Tuesday, 19 July 2011

Moral Ground -- a book review

Thanks to Lyn Adamson for suggesting this book, Moral Ground: Ethical Action for a Planet in Peril (Trinity University, 2010). 

It is a collection of reflections and eco-visions by over 100 thinkers. Since then, the Moral Ground website has added 14 bonus articles, as well as excerpts from the original book.

Like so many others in the ecojustice movement, the editors Kathleen Dean Moore and Michael P. Nelson feel that scientific data and government regulation are insufficient for the social and personal transformation that true earthcare requires. “What is missing is the moral imperative, the conviction that assuring our own comfort at terrible cost to the future is not worthy of us as moral beings.”

In a May 2011 survey, Climate Change in the American Mind, 82 out of 100 admitted they have made no changes in their lifestyle despite the gathering evidence of man-made pollution. Though climatologist James Hansen, biologist E.O Wilson,  preachers like Bill McKibben, University researchers and UN agencies report we are rapidly reaching climate chaos, with 300,000 human lives lost annually as a result of global change, species die-offs exceeding 100 times normal rates, planetary limits exceeded -- the majority of us do nothing.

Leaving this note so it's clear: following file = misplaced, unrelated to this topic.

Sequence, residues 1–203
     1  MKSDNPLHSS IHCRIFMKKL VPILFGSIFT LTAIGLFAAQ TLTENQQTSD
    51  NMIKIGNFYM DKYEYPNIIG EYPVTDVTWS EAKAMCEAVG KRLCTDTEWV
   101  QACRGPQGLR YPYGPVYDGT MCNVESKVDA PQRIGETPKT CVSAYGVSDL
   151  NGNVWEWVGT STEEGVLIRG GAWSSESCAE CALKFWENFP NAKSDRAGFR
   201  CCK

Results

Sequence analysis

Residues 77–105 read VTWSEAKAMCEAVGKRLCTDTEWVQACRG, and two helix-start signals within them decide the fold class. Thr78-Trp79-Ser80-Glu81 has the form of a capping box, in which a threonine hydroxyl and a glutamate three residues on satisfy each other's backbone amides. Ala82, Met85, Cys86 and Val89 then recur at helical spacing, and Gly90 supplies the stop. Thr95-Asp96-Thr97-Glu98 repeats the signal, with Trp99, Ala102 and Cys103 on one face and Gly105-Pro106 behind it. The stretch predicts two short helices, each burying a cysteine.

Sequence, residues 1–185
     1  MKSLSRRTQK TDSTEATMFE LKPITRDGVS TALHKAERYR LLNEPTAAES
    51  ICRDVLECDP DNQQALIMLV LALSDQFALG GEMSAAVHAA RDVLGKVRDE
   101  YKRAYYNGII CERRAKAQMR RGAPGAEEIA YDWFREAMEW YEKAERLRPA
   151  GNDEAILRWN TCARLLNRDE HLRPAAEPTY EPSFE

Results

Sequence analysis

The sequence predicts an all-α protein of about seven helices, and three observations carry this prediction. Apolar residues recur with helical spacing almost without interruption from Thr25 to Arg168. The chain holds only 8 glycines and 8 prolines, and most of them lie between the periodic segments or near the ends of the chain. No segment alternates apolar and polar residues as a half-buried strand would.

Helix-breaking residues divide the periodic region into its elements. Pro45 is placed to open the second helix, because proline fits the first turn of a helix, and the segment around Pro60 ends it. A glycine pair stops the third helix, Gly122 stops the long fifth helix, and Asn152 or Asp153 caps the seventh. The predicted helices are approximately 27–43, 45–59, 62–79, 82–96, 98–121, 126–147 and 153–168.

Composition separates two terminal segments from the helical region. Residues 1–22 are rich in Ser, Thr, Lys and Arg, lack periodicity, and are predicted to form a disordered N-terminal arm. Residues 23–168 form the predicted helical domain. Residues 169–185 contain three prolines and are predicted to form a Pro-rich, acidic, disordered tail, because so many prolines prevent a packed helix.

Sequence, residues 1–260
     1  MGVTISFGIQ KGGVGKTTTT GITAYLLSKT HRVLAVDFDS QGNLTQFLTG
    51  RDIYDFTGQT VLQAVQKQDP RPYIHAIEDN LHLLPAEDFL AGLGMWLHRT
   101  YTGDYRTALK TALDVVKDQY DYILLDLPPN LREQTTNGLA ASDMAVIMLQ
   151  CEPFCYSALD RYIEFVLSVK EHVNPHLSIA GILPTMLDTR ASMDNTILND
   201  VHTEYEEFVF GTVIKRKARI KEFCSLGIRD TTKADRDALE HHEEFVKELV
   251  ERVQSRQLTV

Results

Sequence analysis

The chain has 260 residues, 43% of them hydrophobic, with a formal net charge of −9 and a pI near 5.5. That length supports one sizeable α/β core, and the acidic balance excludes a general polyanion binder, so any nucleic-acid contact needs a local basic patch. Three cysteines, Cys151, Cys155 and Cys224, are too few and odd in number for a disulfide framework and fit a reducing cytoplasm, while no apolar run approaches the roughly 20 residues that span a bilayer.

How can we learn collective responsibility? How can we act out of concern for our grandchildren, and compassion for everything that lives, rather than individual greed, comfort, and convenience? That is the challenge of this book. MG's mission statement invites us to town hall meetings, study groups and actions, to start "a national conversation concerning our individual and collective responsibilities to the future."  
  • Yes, it’s wrong to leave behind a ransacked and dangerously unstable world.
  • Yes, our lives must be an expression of what we most deeply value.
  • Yes, we can and must make conscience-driven choices about how we spend our money and time.
  • Yes, we must provide a safe and thriving future for our children.
  • Yes, tending to the Earth and reversing climate destruction are a moral, spiritual and religious imperative.

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